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From: Dietmar Kuehl (dietmar_kuehl_at_[hidden])
Date: 2002-03-03 22:14:45

Jan Langer wrote:

> i would use three types. one for saving the directory walking status
> (DIR and dirent), one as an identification object and one as the
> attribute cache. and i think the first type which saves the walking
> status should be the iterator itself.

I think we are at least partially talking of different things so lets
give things a name together with some form of a definition:

- "filename": This is a representation identifying a file at least in a
    given context (ie. it may be a relative name).
- "dir_entry": This is a handle for file constructed from a "filename"
    which provides access to the file's attributes.
- "dir_it": This is an iterator walking a directory which is constructed
    from a filename. It provides acccess to the current file's attributes.
- "file_rep": This is an opaque type used to hold a dir_entry's or a
    dir_it's data. If people feel uncomfortable with storing the directory
    iterator's state, too, this can actually even be split into two parts
    to separate the directory iterator's state from the file's attribute

(all four types are actually used in my implementation...).

I think the first three of these are pretty obvious :-) The filename can
be an arbitrary sequence, probably a 'basic_string' with an appropriate
character type: Probably all of these are templatized with a character
type but this is just an orthogonal issue.

The reason for the "file_rep" is two-fold: First, I consider it crucial
that system headers don't need to be include just to use the directory
facilities. That is, neither the user nor the directory iterator
implementation shall include system headers in the corresponding header
files. There are two implications out of this:
- We don't know all of the types, eg. uid_t on POSIX. I don't think that
    this is a big problem because either these are integers or should
    probably be not directly visible anyway (see eg. the handling of the
    files access properties in my implementation).
- The file_rep is only declared in user visible headers. It is defined
    in a header or a source private to the implementation. Also, it is
    handled via a pointer internally because we don't know the layout
    of this type to embed it into a dir_entry or a dir_it.

Second, the file_rep can be shared between dir_entry and dir_it to have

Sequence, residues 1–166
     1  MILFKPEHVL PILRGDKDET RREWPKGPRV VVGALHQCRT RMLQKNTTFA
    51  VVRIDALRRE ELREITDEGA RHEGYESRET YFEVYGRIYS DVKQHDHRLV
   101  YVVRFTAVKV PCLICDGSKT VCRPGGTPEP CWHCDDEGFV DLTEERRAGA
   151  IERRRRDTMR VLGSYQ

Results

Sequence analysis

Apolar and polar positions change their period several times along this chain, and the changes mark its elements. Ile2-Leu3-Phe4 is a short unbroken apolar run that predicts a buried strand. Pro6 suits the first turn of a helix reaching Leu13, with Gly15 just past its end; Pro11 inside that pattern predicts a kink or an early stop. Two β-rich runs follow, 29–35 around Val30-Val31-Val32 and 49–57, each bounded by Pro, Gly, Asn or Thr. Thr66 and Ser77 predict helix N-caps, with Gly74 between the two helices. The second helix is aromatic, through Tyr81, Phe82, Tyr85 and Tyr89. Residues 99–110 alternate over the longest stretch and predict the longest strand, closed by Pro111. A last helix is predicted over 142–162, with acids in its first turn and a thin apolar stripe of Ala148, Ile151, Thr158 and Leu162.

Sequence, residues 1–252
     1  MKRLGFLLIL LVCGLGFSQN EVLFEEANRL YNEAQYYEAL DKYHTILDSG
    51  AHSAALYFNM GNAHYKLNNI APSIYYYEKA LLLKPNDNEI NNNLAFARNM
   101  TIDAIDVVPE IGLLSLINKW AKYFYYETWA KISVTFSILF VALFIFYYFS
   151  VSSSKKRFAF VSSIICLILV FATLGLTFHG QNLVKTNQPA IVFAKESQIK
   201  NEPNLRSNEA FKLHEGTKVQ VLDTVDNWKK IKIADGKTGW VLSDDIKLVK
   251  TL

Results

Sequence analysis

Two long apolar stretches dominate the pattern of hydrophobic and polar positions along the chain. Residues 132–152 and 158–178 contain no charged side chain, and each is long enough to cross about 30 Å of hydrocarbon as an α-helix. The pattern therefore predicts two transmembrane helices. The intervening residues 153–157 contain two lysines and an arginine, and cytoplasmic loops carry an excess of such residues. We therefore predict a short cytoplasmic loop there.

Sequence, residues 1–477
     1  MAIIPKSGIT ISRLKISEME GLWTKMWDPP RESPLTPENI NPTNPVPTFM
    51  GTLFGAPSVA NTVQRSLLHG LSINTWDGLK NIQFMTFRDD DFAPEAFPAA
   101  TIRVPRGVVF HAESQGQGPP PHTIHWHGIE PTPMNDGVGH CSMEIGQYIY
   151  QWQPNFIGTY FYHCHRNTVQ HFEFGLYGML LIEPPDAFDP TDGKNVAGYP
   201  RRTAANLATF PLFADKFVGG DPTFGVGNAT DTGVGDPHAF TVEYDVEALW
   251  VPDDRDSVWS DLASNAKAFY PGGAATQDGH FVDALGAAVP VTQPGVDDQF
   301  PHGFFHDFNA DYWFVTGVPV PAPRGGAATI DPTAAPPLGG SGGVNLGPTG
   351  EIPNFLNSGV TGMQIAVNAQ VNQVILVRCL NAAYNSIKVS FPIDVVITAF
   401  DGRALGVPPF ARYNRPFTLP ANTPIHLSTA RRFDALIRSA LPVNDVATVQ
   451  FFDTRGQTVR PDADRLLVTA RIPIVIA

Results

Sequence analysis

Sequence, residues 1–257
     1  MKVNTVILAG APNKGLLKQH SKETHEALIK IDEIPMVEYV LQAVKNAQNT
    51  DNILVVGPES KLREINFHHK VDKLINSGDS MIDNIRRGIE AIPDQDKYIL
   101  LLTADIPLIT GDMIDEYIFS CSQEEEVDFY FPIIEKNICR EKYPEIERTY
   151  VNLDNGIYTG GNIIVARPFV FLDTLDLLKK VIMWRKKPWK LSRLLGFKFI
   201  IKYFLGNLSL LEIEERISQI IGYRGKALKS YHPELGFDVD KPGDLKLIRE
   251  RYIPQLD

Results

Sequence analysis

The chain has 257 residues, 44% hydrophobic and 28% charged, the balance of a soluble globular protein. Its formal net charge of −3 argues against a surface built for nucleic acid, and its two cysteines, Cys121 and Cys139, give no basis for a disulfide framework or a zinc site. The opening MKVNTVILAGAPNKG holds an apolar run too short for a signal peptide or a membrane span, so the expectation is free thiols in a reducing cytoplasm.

only one implementation of the attribute accessors. Using the property
map's together with a "key" rather than directly with the object makes
things just easier: 'operator*()' would return a reference to a
'file_rep'. To get data out of this beast, you would use corresponding
property maps.

The file_rep (it may, of course, be called differently, as may the other
types be called differently, eg. "basic_string" rather than "filename")
is basically an attribute cache. It is used at least to retrieve all
attributes at once for reading. Whether it is used to prevent
write-through is a different issue: There are arguments both ways. When
writing data into a cache rather than to the actual entity, it may
easily result in surprising behavior. Basically, a cache should be
transparent to users and this is often non-trivial to achieve. For
example, assume that "/tmp" is the current working directory:

    dir_entry f1("./foo");
    dir_entry f2("/tmp/foo");
    set(user_read, *f1, true);
    set(user_read, *f2, false);
    std::cout << get(user_read, *f1) << "\n";

Does this print "0" or "1"? I would expect "0" but I'm about 100% sure
that a cached implementation would write "1". ... and the result after
this code would be either the original state if we require an explicit
"commit" and "1" if the destructor commits the change implicitly.
However, I would the access attribute to be "0" because this was the
latest change.

Actually, I just wanted to point out the attribute cache has to be
invalidate (or to be updated) when the directory iterator is moved
forward. I would definitely bundle a file_rep with a directory iterator,
BTW, because it would otherwise mean that for file attribute access
(like eg. "is_directory()") it would be necessary to create a

> your approach seems to mean that a directory iterator points to an
> attribute cache.

Yes, that's correct. ... and even more, I think this is the correct
approach :-) You have to put the attribute cache somewhere. Options
are the dir_it or a newly created dir_entry. I think going over a
dir_entry makes things considerably more inconvenient while the extra
cost of having a dir_it store both the iteration status and the
attribute cache is rather low.

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